Award: HK's young people motivated by Leung, says producer
Hong Kong actor Tony Leung Chiu-wai received the prestigious Golden Lion for Lifetime Achievement at the 80th Venice Film Festival on Saturday, making history as the first Chinese actor and third Chinese film celebrity to be presented with the coveted award.
The news created a buzz in the film industry and across social media platforms as it reflected the global recognition for Hong Kong cinema and the city's talented professionals.
Overwhelmed with emotion as he was given a prolonged standing ovation, the 61-year-old actor said he was grateful for having grown up in the special administrative region and having been nurtured by the local film industry, where his acting career began. He dedicated the award to the SAR's film industry and promised to share it with all those who helped him through his remarkable 41-year acting journey.
Leung also expressed his deep appreciation of his wife, Hong Kong actress Carina Lau Kar-ling, who was present during the ceremony.
The lifetime award is an addition to the actor's already impressive collection of accolades. His movies, such as Days of Being Wild(1990) and In the Mood for Love (2000), have previously clinched the Golden Lion for Best Film at the Venice Film Festival.
Renowned director Ang Lee delivered an emotional speech while presenting the actor with the lifetime award on Saturday. Lee described Leung as "a director's dream", praising the actor's remarkable ability to convey complex emotions through his eyes. "There is something in his eyes that's electrifying ... the soul that shines through them. He can say more in one look than many actors can with a full monologue," Lee said.
It is this depth and authenticity of his talent that sets Leung apart, transcending the boundaries of language and culture, Lee added.
Leung, who is known for a string of commercially successful blockbusters, will play a neuroscientist in the upcoming film Silent Friend, to be directed by Hungarian screenwriter Ildiko Enyedi. Shooting for the film starts in April.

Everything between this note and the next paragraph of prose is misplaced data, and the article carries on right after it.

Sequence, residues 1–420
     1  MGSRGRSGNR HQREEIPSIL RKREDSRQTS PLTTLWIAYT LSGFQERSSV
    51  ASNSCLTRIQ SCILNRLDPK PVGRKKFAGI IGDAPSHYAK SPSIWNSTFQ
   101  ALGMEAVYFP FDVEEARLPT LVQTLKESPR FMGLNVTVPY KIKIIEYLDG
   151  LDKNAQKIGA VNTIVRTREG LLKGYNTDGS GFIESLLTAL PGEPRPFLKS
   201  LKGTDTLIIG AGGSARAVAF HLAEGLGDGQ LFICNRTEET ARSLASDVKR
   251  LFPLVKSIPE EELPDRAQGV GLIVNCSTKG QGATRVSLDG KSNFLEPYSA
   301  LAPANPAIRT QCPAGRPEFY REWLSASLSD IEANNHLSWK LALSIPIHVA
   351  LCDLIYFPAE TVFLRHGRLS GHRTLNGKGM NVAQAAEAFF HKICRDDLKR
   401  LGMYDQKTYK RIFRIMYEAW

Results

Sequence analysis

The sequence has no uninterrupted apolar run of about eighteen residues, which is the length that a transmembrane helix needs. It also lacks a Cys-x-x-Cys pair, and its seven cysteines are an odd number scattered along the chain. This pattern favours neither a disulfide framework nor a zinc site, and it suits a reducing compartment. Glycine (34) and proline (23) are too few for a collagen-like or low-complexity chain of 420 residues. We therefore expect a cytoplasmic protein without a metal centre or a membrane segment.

Silvester See, executive producer-director of AceHero Films &Entertainment, said that Leung introduced to Europe the Hong Kong-style independent cinema, which has influenced new generations in the region.
"Tony dedicated his life to Hong Kong television and films all the way since the 1980s," See said, adding that the actor has played a crucial role in motivating young people in the SAR to join cinema.
Secretary for Culture, Sports and Tourism Kevin Yeung Yun-hung had congratulated Leung in March, when the Golden Lion lifetime award was announced. He praised Leung's "exceptional acting skills", and said that international accolades won by Hong Kong's film celebrities cemented the SAR's position in world cinema.
Yeung emphasized the SAR government's commitment, in partnership with the Hong Kong Film Development Council, to provide comprehensive support for and promote the continuous growth of the industry.
Lawmaker Benson Luk Hon-man, an advocate for Hong Kong's film and television culture, said that Leung's achievement underscores the local film industry's global appeal.
Luk proposed setting up a performing arts training academy in the Guangdong-Hong Kong-Macao Greater Bay Area to invite experienced instructors from Hong Kong and the Chinese mainland to provide comprehensive training for local youths. It will foster increased collaboration between the SAR and the mainland in performing arts, he said.